Reduced appetite and insomnia are common reasons people stop taking Adderall. Don’t ignore these side effects; your physical and mental health depend on eating a balanced diet and getting adequate rest. Be proactive in addressing these issues with your doctor to determine if the benefits of Adderall still outweigh the risks or if it’s time to explore alternative treatment options. Your health and well-being should be your top priorities.
Anxiety and Depression
Long-term Adderall use can exacerbate or cause feelings of anxiety, worry, and depression. The stimulant effects of the drug initially elevate your mood and make you feel good, but over time, it can deplete dopamine and other neurotransmitters in your brain that regulate mood and motivation.
- You may experience periods of increased irritability, restlessness, and trouble sleeping. Feelings of sadness, hopelessness, or excessive worrying can also emerge or intensify.
- If you frequently need to increase your Adderall dose to feel its effects, it can worsen symptoms of anxiety and depression. The higher the dose and frequency of use, the greater the risk of adverse mental health issues.
To minimize these risks, take the lowest effective dose of Adderall possible, avoid escalating your dose quickly, and take occasional “medication vacations” if advised by your doctor. Be open with your healthcare provider about any changes in your mood or mental state. Non-drug strategies for anxiety treatment and depression treatment, such as exercise, mindfulness, and therapy, may also help.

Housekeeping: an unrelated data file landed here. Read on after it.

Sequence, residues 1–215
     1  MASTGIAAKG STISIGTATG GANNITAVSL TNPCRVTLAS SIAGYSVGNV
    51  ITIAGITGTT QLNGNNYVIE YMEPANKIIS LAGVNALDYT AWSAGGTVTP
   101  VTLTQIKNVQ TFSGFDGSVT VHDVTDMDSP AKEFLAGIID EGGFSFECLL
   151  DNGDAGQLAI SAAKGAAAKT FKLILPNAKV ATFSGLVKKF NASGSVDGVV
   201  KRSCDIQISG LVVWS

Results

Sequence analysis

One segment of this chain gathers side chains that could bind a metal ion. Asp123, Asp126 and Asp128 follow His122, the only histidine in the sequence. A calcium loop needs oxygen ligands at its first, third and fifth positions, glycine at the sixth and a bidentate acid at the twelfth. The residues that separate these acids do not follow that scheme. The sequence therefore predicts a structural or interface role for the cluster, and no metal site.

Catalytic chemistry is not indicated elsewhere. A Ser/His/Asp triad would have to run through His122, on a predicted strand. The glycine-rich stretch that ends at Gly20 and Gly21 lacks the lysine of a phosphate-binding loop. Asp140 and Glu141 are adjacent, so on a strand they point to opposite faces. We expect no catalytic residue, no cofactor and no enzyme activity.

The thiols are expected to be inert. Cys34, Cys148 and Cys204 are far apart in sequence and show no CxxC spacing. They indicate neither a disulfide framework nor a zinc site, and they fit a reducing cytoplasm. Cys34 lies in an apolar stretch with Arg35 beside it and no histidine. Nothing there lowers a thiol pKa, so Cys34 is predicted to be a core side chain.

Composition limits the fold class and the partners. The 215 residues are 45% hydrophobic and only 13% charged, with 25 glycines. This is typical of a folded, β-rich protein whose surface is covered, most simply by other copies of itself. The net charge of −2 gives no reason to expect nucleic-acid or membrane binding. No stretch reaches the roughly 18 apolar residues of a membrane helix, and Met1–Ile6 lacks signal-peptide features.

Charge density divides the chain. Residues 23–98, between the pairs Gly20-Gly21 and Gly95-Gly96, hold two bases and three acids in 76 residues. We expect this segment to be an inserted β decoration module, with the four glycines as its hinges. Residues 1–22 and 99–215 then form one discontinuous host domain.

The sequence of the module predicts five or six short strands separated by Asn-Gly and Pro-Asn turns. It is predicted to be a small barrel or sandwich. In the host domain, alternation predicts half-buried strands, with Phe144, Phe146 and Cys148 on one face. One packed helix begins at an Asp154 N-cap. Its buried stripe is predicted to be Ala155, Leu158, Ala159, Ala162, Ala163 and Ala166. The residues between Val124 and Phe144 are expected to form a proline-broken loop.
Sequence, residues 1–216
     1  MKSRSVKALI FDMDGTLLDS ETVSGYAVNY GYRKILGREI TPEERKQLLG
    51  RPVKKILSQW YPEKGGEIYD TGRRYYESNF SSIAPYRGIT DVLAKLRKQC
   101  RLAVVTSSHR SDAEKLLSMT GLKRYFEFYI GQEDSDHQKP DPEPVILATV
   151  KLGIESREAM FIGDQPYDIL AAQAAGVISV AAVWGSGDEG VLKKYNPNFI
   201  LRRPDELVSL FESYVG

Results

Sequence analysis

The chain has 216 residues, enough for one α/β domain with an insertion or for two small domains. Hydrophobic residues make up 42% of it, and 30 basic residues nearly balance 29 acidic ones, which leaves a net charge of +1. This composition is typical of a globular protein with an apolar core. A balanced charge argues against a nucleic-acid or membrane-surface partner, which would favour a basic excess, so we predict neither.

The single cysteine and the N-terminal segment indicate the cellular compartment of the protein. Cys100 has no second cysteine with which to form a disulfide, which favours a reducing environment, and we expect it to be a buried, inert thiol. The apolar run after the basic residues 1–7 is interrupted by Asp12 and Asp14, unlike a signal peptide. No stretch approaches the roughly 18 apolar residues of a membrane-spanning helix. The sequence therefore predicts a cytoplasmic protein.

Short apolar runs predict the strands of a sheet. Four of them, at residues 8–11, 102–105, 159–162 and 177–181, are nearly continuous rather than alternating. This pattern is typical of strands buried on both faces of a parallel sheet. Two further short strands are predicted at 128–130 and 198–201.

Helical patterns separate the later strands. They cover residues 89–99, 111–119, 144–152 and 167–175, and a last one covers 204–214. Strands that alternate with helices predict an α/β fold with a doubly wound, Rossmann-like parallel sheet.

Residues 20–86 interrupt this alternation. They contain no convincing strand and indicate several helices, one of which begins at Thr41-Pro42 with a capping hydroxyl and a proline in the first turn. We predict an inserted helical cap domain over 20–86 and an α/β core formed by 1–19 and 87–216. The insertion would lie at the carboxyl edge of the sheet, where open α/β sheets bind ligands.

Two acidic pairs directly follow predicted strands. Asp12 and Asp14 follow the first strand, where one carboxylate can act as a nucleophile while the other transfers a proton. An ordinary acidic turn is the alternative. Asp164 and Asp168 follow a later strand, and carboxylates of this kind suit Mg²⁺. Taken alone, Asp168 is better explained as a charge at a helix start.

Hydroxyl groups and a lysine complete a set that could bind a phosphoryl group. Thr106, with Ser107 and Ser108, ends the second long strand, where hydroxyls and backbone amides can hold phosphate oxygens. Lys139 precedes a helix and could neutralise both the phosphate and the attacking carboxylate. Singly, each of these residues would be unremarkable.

In rare cases, long-term, high-dose Adderall misuse can trigger psychotic symptoms like delusions, hallucinations, and paranoia. This is more likely if you have a history of bipolar disorder or schizophrenia in your family. If you experience a psychotic episode, stop taking Adderall immediately and contact your doctor. Hospitalization and antipsychotic medication may be required to stabilize your condition.
The risks of these mental health effects increase over time and with higher doses. Be vigilant for any significant or persistent changes in your thinking, mood, or behavior. Talk to your doctor right away about alternative treatments or medication adjustments to mitigate harm. Your mental health and well-being should be closely monitored during and after long-term Adderall use.
Adderall use has been associated with potential sexual side effects, although these effects can vary between individuals. Some individuals may experience changes in sexual desire, arousal, or performance while taking Adderall. Here are a few ways Adderall may impact sexual function:
- Decreased libido: Some individuals may experience a decrease in sexual desire or interest while taking Adderall. This can result in a reduced interest in engaging in sexual activities.
- Erectile dysfunction: Adderall’s effects on blood flow and cardiovascular function may contribute to difficulties in achieving or maintaining an erection in some individuals. This can lead to erectile dysfunction or problems with sexual performance.
- Delayed orgasm or anorgasmia: Some individuals may find that Adderall delays or inhibits orgasm. This can result in difficulties reaching climax or reduced sexual satisfaction.